Prowse was recently heavily criticised for his serious error of judgment for declining to attend a healing ceremony for victims of abuse by the Marist Brothers at Pearce. One might not have known this at the royal commission this week, at least until the senior counsel assisting the commission, Gail Furness, SC, thought Prowse to be overdoing it in his efforts to be the modern-day healer.
According to Prowse, things are now better in the Canberra archdiocese because “I’m taking greater responsibility. Before it was rather diffuse. I wasn’t really sure what was going on …
“There is a determination in me to work with the competent people, mainly laypeople, to be able to change the culture, greater transparency and accountability for what’s happening, and to be able to do that in the public forum in this tragic moment, this chilling moment of the Catholic Church, with these statistics coming out, particularly in the past few weeks, which have chilled us to the core, and me personally.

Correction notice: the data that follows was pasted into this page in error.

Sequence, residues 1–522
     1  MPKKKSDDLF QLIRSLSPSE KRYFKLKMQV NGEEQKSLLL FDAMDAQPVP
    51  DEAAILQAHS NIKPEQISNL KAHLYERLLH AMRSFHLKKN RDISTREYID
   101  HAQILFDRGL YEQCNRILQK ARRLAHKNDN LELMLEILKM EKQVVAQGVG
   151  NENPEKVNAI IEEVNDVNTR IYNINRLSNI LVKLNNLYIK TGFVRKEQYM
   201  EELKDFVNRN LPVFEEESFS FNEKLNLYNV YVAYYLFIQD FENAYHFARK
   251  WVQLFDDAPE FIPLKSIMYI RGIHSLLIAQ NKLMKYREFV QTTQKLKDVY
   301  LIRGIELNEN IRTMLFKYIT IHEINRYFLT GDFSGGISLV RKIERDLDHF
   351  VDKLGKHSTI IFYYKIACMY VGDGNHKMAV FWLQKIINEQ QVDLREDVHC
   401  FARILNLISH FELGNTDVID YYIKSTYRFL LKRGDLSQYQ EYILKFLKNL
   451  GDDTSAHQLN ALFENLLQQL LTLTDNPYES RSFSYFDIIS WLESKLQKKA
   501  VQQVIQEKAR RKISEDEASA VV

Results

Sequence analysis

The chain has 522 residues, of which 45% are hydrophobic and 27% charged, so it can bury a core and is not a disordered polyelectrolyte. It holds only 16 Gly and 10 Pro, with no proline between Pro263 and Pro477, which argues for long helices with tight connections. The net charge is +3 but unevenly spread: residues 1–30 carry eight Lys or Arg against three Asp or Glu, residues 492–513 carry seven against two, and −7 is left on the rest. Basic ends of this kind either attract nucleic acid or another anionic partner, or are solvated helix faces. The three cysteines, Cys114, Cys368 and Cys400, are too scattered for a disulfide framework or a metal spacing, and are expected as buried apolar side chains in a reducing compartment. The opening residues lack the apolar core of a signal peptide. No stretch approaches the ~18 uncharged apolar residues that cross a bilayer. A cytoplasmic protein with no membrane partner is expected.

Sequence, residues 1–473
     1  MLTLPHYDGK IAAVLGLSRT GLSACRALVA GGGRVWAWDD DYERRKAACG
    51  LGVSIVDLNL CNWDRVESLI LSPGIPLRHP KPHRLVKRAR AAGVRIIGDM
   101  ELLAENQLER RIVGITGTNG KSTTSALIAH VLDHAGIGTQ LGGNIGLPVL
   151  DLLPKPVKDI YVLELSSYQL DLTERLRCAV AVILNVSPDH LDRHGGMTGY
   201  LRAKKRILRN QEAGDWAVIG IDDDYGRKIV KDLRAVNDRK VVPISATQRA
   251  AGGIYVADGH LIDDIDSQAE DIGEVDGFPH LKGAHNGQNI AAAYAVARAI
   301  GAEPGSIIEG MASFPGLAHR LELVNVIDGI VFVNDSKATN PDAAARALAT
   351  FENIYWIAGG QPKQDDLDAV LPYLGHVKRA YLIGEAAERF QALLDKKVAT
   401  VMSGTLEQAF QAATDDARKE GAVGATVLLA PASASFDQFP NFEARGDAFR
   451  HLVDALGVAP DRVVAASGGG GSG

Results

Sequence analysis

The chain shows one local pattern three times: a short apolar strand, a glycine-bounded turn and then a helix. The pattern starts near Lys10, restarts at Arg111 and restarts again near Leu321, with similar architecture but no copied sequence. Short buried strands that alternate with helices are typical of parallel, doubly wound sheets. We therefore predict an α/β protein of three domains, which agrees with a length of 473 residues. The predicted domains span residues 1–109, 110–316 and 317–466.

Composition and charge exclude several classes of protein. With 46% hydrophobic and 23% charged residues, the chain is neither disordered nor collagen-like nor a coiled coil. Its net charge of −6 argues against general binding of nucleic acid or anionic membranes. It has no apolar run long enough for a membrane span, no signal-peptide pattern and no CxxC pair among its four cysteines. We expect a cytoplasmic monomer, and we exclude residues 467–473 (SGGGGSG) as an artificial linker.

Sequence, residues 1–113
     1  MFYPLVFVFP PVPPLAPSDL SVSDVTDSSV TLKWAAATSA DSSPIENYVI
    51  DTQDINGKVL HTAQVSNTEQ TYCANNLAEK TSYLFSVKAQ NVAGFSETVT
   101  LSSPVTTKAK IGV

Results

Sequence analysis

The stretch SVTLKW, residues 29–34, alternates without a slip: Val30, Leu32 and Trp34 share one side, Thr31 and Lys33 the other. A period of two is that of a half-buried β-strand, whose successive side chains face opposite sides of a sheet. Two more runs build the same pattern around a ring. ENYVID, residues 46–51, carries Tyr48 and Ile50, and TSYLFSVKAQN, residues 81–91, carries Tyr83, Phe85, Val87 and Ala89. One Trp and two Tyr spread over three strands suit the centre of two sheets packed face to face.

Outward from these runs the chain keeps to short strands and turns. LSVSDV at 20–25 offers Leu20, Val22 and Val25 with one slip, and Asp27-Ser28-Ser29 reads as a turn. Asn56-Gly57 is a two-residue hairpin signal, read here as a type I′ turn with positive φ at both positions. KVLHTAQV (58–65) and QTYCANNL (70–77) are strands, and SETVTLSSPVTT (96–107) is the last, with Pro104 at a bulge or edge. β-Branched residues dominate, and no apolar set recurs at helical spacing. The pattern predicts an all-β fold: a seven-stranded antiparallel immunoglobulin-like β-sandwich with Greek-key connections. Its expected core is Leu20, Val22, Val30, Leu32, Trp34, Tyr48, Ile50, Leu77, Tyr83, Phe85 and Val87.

“It has been heartbreaking to see these statistics nationally, but at the very same time to be able to say ‘well, let us go forward in a completely different way’, that is, a way that we can hold our heads up high and be able to say ‘we’re learning from this’. We have a long way to go, but we are on the way.
“When I go back to my archdiocese, I have it in my heart to go around the diocese in regional areas for listening sessions. I want to gather the victims and their families. I mean, it’s been like a bushfire going through the Catholic Church, or a tsunami effect, on faith and on people’s trust of us. And I don’t want to be sort of seen as some bureaucrat behind an office.